This insight came to me while conducting live optimization during our most recent Web clinic – Copywriting: How ordinary marketers are achieving 200% gains with a step-by-step framework.
I was optimizing an e-commerce surfboard website, yet I think this lesson applies equally well for many other consumer marketers as well as many in the B2B space. Let’s look at the challenge this surfboard website is facing to understand why…
Degree33 Surfboards sells hand-shaped surfboards which are more expensive than a Chinese-made “pop out” mass-produced clone board that you could buy from a big-box store like, say, Walmart. Or a used board you could buy off of Craigslist. (And please note, I’m not a surfer. Our office just happens to be in Jacksonville Beach, so I have a wee bit of knowledge about this industry and I thought it would be helpful to share some background.)
Unless you’re the low-price leader in your industry, you likely face the same challenge.
A manufacturer in China can make it cheaper. Your customers can buy it cheaper used, on Amazon, or from a big-box store like Walmart.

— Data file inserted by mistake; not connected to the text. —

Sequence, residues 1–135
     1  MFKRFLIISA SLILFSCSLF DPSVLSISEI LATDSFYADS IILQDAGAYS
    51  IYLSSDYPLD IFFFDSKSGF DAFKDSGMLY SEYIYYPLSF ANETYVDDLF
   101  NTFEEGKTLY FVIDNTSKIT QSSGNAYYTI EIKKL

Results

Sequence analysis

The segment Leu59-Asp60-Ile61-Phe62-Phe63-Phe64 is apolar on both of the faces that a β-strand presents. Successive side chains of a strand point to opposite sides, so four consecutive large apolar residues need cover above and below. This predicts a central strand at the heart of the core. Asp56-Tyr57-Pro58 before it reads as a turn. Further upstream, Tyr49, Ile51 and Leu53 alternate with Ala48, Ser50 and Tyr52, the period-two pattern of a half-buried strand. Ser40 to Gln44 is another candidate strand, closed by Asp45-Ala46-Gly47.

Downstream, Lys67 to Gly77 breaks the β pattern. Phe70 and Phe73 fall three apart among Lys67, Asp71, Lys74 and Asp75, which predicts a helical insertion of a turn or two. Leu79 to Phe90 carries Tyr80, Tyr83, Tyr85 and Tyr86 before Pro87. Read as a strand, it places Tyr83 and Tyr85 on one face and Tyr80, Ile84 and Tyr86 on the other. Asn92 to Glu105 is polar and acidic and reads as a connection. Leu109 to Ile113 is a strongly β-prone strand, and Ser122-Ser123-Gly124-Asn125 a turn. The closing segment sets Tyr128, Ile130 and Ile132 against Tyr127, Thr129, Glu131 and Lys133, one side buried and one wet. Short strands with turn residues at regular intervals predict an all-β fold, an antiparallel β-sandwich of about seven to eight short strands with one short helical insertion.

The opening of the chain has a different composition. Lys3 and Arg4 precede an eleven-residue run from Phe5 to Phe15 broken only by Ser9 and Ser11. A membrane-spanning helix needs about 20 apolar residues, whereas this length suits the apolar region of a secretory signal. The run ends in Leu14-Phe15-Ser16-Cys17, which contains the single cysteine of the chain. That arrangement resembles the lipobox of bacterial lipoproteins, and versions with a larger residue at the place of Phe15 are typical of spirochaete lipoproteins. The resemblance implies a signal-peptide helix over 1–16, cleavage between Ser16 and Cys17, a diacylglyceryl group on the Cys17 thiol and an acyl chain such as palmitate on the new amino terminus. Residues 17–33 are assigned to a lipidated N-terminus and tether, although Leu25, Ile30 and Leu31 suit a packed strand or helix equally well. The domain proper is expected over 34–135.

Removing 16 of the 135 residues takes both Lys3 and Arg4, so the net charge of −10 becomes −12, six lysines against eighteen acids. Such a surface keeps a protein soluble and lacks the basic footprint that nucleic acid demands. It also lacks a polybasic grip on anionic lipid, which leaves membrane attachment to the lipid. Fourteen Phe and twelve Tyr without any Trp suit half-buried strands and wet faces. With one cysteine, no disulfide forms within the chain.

So if you can’t win on price, all that stands between you and the barbarians at the gate is a good story.
Customers need an internal justification to buy a more expensive product (and sometimes an external justification to a spouse, parent, or boss). You need to give your customers that reason to buy from you in the form of a story that engages the visitor and explains your competitive differentiators. Here are a few common examples of differentiators that you can build your story around to help get you started:
- Quality – track record (e.g. Honda), craftsmanship (e.g. Louis Vuitton), customer service (e.g. The Ritz-Carlton), health (e.g. Whole Foods), expertise (e.g. Crutchfield
- Authenticity – history (Moleskine), location (American Apparel), timelessness (Kitchen Aid mixer)
- Technology – faster (Alienware), smaller (iPod Nano), safer (brand-name drugs), more open (Android)
- Values – sustainability (Patagonia), organic (Organic Valley), faith (Hebrew National), family (Disney), patriotism (Made in the USA), local (Community Supported Agriculture), aura (hip, fashion, or luxury goods), politics (Credo Mobile)
So let’s take a look at that optimization example, Degree33 Surfboards, to give you a few ideas for how you can improve your own copy…